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October 02, 1997 - Image 3

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The Michigan Daily, 1997-10-02

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LOCAL/ STATE

The Michigan Daily - Thursday, October 2, 1997 -- 3A

Plant talk to be
hosted by
Darmouth prof.
William Wickner of Dartmouth
niversity's biochemistry department
will discuss intracellular movement
patterns in plants today.
The title of the talk is "Vacuole
Inheritance Provides a New Window on
Interorganelle Vesicular Traffic."
The lecture is sponsored by
University Hospitals and will be co-
hosted by Jack Dixon and University
President Lee Bollinger.
The lecture will begin at 4 p.m. in
*om 6319 of the Medical Sciences
Building 1.
Visiting prof.
offersinformal
Swahili course
People planning to go abroad to
ast Africa in the coming years may
ant to brush up on their Ki-Swahili
skills. f
In conjunction with the department
of anthropology, visiting Prof. Mbogo
Murage of Nairobi University, Kenya
will teach weekly classes to those inter-
ested in learning or re-learning the lan-
guage.
The availability of classes is depen-
dent on interest.
To sign up, contact Murage by tele-
;,lone at 327-1364 or by e-mail at
mbogom@umich.edu.
CRLT offers
teaching classes
to grad. students
The Center for Research on
earning and Teaching is sponsoring
workshops for University graduate stu-
dents interested in improving their
teaching skills.
'The workshops, conducted at no cost
to GSIs, are planned for the early
evenings several nights a week through
early November.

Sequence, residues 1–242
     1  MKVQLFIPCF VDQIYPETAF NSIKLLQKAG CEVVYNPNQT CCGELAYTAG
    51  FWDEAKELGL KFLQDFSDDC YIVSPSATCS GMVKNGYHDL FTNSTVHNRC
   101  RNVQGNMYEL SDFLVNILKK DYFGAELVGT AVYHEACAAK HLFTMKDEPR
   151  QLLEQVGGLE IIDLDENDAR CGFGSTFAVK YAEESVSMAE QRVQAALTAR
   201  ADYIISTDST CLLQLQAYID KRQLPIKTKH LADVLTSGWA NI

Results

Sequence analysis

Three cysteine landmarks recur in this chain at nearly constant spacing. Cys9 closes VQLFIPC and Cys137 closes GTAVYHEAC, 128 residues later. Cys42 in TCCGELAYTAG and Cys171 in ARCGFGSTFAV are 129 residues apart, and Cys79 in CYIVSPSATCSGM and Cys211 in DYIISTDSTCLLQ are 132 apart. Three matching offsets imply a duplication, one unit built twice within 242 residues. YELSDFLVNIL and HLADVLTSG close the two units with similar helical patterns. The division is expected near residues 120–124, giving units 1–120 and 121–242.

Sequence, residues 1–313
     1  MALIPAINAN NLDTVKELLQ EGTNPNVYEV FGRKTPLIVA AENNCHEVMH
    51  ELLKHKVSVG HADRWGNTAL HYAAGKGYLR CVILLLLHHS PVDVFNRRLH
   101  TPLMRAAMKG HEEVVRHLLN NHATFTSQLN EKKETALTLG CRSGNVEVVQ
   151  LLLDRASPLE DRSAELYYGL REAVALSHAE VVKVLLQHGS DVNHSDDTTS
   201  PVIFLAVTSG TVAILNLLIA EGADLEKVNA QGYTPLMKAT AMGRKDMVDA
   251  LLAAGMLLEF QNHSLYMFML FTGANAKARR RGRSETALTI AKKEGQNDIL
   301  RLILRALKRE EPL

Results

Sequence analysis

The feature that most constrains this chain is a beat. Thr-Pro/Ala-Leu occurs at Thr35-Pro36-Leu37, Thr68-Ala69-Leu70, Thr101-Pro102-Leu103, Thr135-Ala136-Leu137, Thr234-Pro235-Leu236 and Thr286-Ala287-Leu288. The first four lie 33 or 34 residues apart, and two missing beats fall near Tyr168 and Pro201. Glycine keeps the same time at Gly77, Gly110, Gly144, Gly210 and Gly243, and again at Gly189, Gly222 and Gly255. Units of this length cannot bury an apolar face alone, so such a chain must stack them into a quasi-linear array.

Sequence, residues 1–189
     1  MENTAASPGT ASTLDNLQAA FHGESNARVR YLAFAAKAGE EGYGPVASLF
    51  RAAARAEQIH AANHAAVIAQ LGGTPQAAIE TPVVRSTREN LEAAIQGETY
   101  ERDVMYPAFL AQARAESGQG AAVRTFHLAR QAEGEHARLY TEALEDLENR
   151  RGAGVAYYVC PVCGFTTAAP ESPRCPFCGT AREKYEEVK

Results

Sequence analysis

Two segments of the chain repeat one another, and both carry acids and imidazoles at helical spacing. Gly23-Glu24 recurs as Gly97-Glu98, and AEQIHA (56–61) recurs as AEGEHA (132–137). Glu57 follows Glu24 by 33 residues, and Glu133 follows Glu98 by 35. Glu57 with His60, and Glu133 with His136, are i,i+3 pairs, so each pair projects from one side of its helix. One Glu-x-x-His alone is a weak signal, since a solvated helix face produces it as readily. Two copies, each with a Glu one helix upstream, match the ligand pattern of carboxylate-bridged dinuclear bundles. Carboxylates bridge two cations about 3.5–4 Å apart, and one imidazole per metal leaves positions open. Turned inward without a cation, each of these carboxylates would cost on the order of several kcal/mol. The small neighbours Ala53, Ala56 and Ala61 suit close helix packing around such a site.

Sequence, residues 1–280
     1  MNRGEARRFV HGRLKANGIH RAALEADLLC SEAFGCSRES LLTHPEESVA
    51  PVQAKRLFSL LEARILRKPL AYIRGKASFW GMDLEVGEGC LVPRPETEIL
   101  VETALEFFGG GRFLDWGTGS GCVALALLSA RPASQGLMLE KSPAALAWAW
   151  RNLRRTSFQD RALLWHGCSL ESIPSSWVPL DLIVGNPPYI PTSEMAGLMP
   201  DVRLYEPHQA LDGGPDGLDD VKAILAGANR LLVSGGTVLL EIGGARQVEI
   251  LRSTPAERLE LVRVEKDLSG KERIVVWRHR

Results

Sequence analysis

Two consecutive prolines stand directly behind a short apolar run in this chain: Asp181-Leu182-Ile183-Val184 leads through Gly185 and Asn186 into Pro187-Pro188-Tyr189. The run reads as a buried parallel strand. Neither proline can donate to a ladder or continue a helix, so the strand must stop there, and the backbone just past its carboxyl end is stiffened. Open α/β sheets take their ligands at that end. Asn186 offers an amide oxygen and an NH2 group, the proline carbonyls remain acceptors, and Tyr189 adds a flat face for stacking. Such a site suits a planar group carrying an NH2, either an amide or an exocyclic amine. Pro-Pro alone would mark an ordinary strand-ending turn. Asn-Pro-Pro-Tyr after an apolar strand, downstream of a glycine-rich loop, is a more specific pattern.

GSIs whose first language is not
English are especiallyencouraged to
attend.
For exact times and locations, call
4-505.
Biology prof. to
talk about the
Cold 1W1ar
This week's installment of the New
Wrld Agriculture and Ecology Group
filfeature University biology Prof.
John Vandermeer as he talks about the
collision boundary between social and
natural sciences.
,While not a social scientist,
Vsndermeer is a population biologist
who has spent much time in politically
active countries.
The title of the lecture is "Discussion
of Lewontin Article on the University
and the Cold War."
The lecture is scheduled to begin
night at 5 p.m. in room 2004 of the
Natural Sciences Building.

eologist to
greak on rapid
imate changes
Gideon Henderson of the Lamont-
Doherty Earth Observatory will give a
ture tomorrow on climate change as
part of the department of geology's
Turner Lecture Series.
The lecture will focus on tech-
hiques used to predict future cata-
strophic temperature shifts as well as
lie causes of relatively recent climate
changes.
The talk is scheduled for 4 p.m. in
room 1528 of the C.C. Little Building.
- Compiled by Daily Staff Reporter
David Bricker

Free screening of Latino/a film tonight

By Christine M. Paik
Daily Staff Reporter
A free film screening of a movie that
bridges Latino/a Heritage Month and Native
American Heritage Month will be showing
tonight.
"Follow Me Home;" directed by Peter Bratt, fol-
lows four artists of different ethnicities on a jour-
ney across America to paint a mural of their ances-
tors on the White House.
Starring two Latino Americans, a Native
American and an African American, the film
connects Latino Heritage Month, which ends
Oct. 15, with Native American Heritage
Month, which begins Nov. 1. The film won't
be released in national theaters, but is open for

the public tonight at 6:30 p.m. at the Michigan
Theater.
Diana Derige, co-chair of the student latino/a
group Alianza, said it is essential for the organiza-
tion to support and sponsor the film.
"We felt that it was good to support issues of
people coming together," Derige said. "So
many times we see movies where there are
people of different cultures, but they never.
interact. It's important to acknowledge that
people of all ethnicities and races interact in
everyday situations."
"Follow Me Home" weaves together the dreams
and struggles of the four main characters.
Although the film delves into issues of race and

"Th Bmessage it will
bring is that we can all
come together ag"
-Shannon Martin
Native American Coordinator for the Office